Johnson & Johnson (NYSE: JNJ) just submitted an application for FDA approval of guselkumab, a next-generation therapy that if approved, will compete head-to-head against AbbVie Inc.'s (NYSE: ABBV) megablockbuster autoimmune-disease drug Humira. Since Humira is the world's best-selling drug, and guselkumab could have billion-dollar blockbuster potential, let's learn some more about it.
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Taking on the champion
Humira, an anti-TNF biologic (it blocks tumor necrosis factor, or TNF), is the king of all prescription medicines in the United States. It's approved to treat a wide swath of autoimmune diseases, including plaque psoriasis, and widespread adoption of the drug has propelled its annual sales to more than $14 billion.
Humira's standing as the dominant therapy in autoimmune indications, however, may be about to end. Humira's patents are beginning to expire, and competitors eager to win away Humira's sales are working nonstop to develop Humira-beating treatments.
Johnson & Johnson has been at the forefront of those efforts. The company already markets the $3-billion-plus-per-year psoriasis drug Stelara, and its latest drug, guselkumab, could win away even more of Humira's market share in the indication over time.
In trials, more patients who were treated with guselkumab achieved clearer skin than did patients who were treated with placebo or Humira.
Specifically, J&J's VOYAGE 1 study showed that nearly three-quarters of patients receiving guselkumab achieved PASI 90 (on the Psoriasis Area and Severity Index), or a 90% improvement in skin clearance from baseline. Only 2.9% of patients who received placebo could make that claim.
More importantly, 73.3% of guselkumab patients achieved PASI 90 at week 16, compared to 49.7 % of patients who were treated with Humira. At week 24, 80% of guselkumab patients achieved PASI 90 versus 53% of Humira patients. Guselkumab's outperformance continued through week 48, when the study ended.
Guselkumab's trial results suggest a clear benefit for patients, and since guselkumab's safety was similar to Humira's, there's little reason to doubt that J&J's seasoned sales team will be able to get this drug in front of doctors, or that doctors will prescribe it.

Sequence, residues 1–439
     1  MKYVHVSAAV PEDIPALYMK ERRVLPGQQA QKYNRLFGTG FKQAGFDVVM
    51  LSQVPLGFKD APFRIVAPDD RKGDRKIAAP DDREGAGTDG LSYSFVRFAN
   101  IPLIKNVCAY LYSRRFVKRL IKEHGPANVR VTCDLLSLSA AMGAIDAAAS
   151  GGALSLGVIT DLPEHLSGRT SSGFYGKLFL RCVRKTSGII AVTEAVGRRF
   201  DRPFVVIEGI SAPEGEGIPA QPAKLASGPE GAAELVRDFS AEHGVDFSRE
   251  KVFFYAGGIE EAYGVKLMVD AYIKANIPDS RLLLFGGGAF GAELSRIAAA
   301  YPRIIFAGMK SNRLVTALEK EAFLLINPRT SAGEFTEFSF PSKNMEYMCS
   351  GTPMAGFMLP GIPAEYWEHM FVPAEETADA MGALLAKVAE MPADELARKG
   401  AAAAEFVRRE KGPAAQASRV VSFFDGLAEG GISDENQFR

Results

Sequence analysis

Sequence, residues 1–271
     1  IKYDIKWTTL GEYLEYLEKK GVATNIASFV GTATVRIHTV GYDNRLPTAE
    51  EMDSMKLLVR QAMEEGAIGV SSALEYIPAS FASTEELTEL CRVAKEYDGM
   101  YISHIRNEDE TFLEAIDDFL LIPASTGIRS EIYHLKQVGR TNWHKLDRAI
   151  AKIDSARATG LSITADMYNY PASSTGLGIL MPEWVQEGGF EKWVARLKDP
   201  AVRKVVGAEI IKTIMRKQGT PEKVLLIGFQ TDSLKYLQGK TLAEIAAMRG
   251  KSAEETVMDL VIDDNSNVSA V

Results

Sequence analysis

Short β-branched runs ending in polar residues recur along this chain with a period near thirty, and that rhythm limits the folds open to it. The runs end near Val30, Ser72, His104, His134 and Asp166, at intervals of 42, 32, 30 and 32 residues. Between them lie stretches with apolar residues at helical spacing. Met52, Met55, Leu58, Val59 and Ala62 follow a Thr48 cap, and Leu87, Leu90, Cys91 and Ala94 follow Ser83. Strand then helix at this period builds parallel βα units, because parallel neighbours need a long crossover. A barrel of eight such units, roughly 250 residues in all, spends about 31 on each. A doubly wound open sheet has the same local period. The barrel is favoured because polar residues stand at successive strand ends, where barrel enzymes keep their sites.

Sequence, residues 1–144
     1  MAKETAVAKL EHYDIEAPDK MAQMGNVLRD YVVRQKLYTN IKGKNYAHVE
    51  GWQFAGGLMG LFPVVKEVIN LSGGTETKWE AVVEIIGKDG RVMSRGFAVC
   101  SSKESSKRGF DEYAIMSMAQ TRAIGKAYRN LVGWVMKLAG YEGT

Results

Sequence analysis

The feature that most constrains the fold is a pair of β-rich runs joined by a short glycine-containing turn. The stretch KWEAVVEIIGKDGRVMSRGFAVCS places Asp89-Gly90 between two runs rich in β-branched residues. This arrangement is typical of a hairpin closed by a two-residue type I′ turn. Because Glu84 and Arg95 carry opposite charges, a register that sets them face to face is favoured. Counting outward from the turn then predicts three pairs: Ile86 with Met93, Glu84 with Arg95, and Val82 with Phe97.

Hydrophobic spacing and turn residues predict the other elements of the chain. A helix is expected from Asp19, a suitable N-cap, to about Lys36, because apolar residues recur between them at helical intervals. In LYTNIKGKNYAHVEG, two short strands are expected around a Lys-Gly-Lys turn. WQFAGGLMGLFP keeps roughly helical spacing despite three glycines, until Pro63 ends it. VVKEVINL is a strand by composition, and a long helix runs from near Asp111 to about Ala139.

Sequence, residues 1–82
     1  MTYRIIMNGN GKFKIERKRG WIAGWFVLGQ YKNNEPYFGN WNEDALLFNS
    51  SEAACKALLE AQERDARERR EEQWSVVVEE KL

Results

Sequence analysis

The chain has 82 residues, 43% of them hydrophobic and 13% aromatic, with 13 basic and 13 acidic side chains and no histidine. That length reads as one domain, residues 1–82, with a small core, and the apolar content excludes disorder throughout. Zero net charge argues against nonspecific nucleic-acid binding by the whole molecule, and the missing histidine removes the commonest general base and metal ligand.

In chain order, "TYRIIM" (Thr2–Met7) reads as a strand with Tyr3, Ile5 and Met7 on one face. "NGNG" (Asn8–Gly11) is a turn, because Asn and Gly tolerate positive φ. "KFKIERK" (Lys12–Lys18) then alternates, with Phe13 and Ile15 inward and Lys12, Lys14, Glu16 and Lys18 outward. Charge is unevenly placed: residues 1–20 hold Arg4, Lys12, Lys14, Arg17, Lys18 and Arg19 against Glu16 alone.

The market for psoriasis drugs is undeniably massive: It's estimated that 7.5 million people suffer from the condition in the U.S. alone. It also affects 14 million Europeans, and globally, the psoriasis patient population could be as large as 125 million people.
Not all of these patients will seek treatment, and psoriasis signs and symptoms vary from person to person, but the itching, burning, and soreness associated with moderate to severe psoriasis has made this market incredibly valuable to drugmakers. GlobalData estimates that the market for psoriasis drugs already exceeds $6 billion and that by 2024, the market could be worth more than $13 billion.
Competition for those sales is fierce, and getting more so every year. J&J's Stelara has been used to treat psoriasis since 2009, and in the third quarter, Stelara's global sales clocked in at $814 million, up 32.8% from a year ago. More recently, the FDA granted a green light to Novartis' Cosentyx in 2015. Cosentyx, an interleukin-17A inhibitor, is already generating annualized sales of $1.2 billion. Celgene entered the psoriasis market last year as well, and its Otezla delivered third-quarter annualized sales that put it on pace to be a billion-dollar blockbuster too.
Given how many psoriasis drugs have eclipsed the 10-figure revenue threshold, it's not shocking that industry watchers expect guselkumab's peak sales will also eventually exceed $1 billion. Of course, guselkumab needs to win FDA approval first, but it doesn't appear there are any safety reasons that could derail that from happening. If that's the case, then a decision could be on tap in the second half of next year.
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